Searching the dunes, more signs of life appear. Beetles scurry over the gravel, rodents pop their heads above the surface and birds of prey swirl overhead. A jackal suspiciously roams around while his mate searches the coast for dead seals.
Life is tough here and finding it is hard. But working hard for it makes each sight all the more rewarding.
5 – TERRACE BAY RESORT
Terrace Bay Resort is the end of the road for a road trip on the Skeleton Coast. It’s a desolate place with a handful of small huts sitting on grey gravel looking out to the Atlantic Ocean. It’s peaceful and about as remote as it gets.
Fishermen from up and down the Namibian coast use Terrace Bay as their storage point for their catch and somewhere to sleep on their long trips away from home.
The restaurant at the resort is decorated with messages from previous guests, sribbled on the wall from floor to ceiling. After dinner the fishermen make the rounds, going table by table to say hello to all the guests, in at least 3 different languages.
It’s not a glamorous resort, but the friendly atmosphere, wide-open spaces and expansive views across the ocean make it well worth the trip.
6 – THE DRAMATIC CHANGE OF SCENERY IN DAMARALAND
The endless desolation of rock, sand and gravel is the hallmark of the Skeleton Coast, but as you drive inland on C39 towards Damaraland, the landscape slowly changes. The flat plains start to rise, allowing more clouds to accumulate and evidence of more rain is obvious.
Small patches of soil allow golden grasses and prickly shrubs to grow. The dry river beds are a bit wetter and trees can be found on their banks. Where plants can survive so can animals. Springbok, gemsbok and oryx were dotted on the horizon. Instead of one or two birds, flocks began to gather and swoop on our car.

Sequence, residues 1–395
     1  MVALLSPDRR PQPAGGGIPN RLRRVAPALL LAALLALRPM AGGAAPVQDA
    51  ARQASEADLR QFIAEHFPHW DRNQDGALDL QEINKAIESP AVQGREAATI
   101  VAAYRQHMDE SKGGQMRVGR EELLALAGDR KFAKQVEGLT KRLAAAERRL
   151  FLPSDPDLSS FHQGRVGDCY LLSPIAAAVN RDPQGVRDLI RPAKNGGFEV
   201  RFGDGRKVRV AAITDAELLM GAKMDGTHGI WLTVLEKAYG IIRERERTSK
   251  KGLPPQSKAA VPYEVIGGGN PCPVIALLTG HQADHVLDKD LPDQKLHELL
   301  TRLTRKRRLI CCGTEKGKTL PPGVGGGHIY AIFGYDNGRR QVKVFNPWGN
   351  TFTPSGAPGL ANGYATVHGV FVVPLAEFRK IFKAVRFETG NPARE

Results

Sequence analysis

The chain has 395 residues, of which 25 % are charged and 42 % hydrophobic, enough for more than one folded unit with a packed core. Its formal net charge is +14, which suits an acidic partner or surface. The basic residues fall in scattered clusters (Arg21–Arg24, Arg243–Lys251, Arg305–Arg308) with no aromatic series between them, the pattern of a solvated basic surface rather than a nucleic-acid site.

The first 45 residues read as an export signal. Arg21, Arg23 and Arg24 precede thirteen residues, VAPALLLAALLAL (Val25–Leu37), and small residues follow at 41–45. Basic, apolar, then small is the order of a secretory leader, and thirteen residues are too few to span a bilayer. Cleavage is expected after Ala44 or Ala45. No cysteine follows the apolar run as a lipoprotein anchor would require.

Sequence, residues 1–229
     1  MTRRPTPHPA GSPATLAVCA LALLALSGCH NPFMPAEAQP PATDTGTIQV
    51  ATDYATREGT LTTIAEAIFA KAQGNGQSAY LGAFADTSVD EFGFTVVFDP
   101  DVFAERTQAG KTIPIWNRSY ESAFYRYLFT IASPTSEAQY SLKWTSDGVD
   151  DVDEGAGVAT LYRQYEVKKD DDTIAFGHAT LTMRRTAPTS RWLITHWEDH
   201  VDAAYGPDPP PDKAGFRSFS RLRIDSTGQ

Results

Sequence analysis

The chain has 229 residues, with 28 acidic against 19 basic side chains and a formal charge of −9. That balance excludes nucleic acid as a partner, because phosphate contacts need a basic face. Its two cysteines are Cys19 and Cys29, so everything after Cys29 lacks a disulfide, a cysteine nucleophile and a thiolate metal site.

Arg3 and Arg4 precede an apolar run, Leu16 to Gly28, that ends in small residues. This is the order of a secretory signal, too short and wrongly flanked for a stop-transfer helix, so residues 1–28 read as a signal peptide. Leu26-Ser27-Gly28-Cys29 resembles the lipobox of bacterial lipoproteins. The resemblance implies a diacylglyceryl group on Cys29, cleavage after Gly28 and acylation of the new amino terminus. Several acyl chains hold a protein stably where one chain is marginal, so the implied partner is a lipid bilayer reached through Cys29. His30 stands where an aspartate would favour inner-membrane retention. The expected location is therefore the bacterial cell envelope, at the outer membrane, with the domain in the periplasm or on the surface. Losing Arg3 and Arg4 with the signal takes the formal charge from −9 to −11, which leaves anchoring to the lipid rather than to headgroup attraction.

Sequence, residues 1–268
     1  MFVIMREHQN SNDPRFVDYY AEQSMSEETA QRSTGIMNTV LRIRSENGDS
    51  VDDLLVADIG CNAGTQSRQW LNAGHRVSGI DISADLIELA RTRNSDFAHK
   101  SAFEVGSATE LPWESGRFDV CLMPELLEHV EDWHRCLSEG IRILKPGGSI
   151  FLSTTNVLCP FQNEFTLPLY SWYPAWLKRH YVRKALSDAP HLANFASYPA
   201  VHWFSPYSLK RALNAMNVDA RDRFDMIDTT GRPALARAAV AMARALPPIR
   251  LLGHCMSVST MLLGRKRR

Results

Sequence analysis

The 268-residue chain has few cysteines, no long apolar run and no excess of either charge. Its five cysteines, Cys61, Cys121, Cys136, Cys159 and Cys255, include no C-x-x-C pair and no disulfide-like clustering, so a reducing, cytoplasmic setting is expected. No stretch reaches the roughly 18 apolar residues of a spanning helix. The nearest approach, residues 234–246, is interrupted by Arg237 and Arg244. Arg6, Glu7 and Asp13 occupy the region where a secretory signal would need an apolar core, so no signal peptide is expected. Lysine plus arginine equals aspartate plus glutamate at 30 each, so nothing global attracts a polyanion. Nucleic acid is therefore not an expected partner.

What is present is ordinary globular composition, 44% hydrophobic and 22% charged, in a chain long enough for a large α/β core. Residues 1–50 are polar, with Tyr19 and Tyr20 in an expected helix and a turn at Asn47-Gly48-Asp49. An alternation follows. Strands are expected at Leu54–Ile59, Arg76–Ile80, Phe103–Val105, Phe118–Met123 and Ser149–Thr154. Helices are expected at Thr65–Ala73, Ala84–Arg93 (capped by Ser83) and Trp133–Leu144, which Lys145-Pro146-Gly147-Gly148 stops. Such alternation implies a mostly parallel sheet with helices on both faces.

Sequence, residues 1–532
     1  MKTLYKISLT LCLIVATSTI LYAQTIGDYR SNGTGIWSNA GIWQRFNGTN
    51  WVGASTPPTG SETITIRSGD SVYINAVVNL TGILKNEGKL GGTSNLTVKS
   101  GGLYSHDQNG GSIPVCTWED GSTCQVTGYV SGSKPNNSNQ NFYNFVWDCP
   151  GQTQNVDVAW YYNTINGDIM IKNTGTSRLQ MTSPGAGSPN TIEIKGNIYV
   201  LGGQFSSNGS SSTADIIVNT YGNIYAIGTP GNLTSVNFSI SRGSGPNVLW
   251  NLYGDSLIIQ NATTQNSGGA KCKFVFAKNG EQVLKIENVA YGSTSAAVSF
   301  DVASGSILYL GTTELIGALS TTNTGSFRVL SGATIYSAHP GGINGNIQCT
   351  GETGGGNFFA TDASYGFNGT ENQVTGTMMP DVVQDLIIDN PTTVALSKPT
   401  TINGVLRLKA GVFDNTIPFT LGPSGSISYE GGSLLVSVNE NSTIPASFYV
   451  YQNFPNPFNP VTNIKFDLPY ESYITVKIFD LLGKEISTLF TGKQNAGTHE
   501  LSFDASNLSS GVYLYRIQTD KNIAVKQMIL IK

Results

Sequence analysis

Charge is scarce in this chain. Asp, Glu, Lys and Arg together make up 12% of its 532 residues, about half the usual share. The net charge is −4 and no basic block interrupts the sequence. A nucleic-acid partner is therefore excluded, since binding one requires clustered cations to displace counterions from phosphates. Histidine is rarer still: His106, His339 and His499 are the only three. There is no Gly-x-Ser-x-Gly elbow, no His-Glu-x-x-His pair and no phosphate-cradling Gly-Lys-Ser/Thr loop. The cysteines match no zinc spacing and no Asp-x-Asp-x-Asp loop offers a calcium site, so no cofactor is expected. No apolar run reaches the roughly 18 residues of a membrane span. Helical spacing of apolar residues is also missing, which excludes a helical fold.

Exiting the Skeleton Coast National Park at Springbokwasser, we entered the Torra Conservancy and the flat gravel horizons finally give way to hard red basalt rock with towering mesas cut by deep valleys.
It’s a truly glorious scene and one of our top moments in Namibia.
SHOULD YOU DRIVE THE SKELETON COAST?
Drive the Skeleton Coast is a wonderful things to do to see the sheer barrenness of this unique place.
Come to see how men and animals have forged a living. Come to see how – from just a few extra drops of water each year – a landscape can change from grey to red and provide life to creatures great and small. Come to watch the endless battles between seals. Come to chat to the local fisherman and to see and do nothing.
The shipwrecks are few and far between and some quiet difficult to get to, so we wouldn’t recommend going out of your way to see them.
Also, if you’re looking for golden sanddunes crashing into the ocean, you’re looking for Sandwich Harbour, Walvis Bay.
TIPS FOR DRIVING THE SKELETON COAST IN NAMIBIA
Car Hire // The Skeleton Coast can be driven in any car, although a high clearance vehicle or 4×4 is helpful if you want to explore some of the side tracks. Read our driving in Namibia post for helpful tips.
Entrance // Entrance to the Skeleton Coast National Park is either through Ugabmund Gate to the south or Springbokwasser to the east.
Opening times // Ugabmund Gate is open from 7:30 – 15:00 and exit is between 7:30 and 19:00. The Springbokwasser is open from 7:30 to 17:00 and exit is from 7:30 and 19:00.
Supplies // Terrace Bay Resort has a set menu restaurant, bar and small shop. Accommodation is in chalets overlooking the sea and includes breakfast and dinner.
Timings // The drive from Swakopmund to Ugab Gate is 2 hours and 20 minutes, from Ugab Gate to Terrace Bay it’s 2 hours and 10 minutes, and from Terrace Bay to Springbokwasser it’s 1 hour and 20 minutes.
Fuel // Petrol is available at Palmwag to the east, Mile 108 to the south and Terrace Bay (for guests).
SKELETON COAST PERMITS
There are three possible permits you will need to visit the Skeleton Coast National Park.
A transit permit to travel between the two gates is free and can be obtained at either entrance gate. However, this is just for transit. You can’t drive on the road from Torra Bay to Terrace Bay. This means you can’t visit the Uniab River delta on the transit permit.
An overnight permit allows you to stay at Terrace Bay Resort. The permit can be obtained at either entrance gate and you’ll need to provide evidence of your booking at the resort. The costs are N$80 per person ($4.80, €4.30, £3.80) plus N$10 per car on top of your accommodation. The overnight permit allows you to drive up to Terrace Bay, but not any further north.
To visit any other part of the park you will need to obtain a permit in advance from the National Parks office in Windhoek.